Slice a large onion very thin, and divide it into shreds; then fry, it slowly until it is equally but not too deeply browned; take it out and strain the butter, and fry in it about three ounces of rice for every person who is to partake of it. As the grain easily burns, it should be put into the butter when it begins to simmer, and be very gently coloured to a bright yellow tint over a slow fire. Add it to some good boiling broth lightly tinged with saffron, and stew it softly in a copper pan for fifteen or twenty minutes. Stir to it two or three ounces of butter mixed with a small portion of flour, a moderate seasoning of pepper or cayenne, and as much grated Parmesan cheese as will flavour it throughly. Boil the whole gently for ten minutes, and serve it very hot, at the commencement of dinner as a potage.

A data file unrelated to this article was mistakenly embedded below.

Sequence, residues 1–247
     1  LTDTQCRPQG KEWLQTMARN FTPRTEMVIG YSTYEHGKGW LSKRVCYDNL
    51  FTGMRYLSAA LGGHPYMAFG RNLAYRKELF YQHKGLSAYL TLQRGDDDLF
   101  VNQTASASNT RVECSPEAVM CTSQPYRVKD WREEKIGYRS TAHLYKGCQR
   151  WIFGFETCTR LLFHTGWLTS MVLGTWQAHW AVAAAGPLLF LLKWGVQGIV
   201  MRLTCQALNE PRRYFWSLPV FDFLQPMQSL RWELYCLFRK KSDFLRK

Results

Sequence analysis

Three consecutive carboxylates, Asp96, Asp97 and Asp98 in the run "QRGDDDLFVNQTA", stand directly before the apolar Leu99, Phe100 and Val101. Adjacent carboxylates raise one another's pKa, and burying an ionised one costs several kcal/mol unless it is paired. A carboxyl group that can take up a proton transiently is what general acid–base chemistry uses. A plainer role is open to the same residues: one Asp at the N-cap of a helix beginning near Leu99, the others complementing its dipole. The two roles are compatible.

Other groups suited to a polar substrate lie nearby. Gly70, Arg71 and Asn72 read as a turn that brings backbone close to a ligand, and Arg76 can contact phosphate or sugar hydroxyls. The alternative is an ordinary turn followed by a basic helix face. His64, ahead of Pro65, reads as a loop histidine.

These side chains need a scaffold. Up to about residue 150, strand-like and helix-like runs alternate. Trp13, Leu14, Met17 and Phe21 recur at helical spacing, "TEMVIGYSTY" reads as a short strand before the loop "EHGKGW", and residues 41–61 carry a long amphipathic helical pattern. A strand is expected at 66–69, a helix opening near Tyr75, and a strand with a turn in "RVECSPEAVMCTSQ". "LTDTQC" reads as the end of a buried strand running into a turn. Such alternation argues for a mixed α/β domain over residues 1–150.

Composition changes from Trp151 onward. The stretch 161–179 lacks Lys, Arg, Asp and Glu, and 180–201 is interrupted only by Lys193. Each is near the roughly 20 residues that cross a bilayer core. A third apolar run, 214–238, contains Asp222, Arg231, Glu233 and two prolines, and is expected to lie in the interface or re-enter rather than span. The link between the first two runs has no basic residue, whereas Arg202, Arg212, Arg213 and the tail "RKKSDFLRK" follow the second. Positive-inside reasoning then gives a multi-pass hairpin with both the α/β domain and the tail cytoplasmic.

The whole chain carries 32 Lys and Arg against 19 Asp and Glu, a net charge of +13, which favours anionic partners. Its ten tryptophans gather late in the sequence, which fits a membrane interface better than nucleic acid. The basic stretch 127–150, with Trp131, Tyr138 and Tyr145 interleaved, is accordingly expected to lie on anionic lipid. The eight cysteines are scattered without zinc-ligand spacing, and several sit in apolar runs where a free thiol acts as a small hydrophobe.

Obs.— The reader should bear in mind what we have so often repeated in this volume, that rice should always be perfectly cooked, and that it will not become tender with less than three times its bulk of liquid.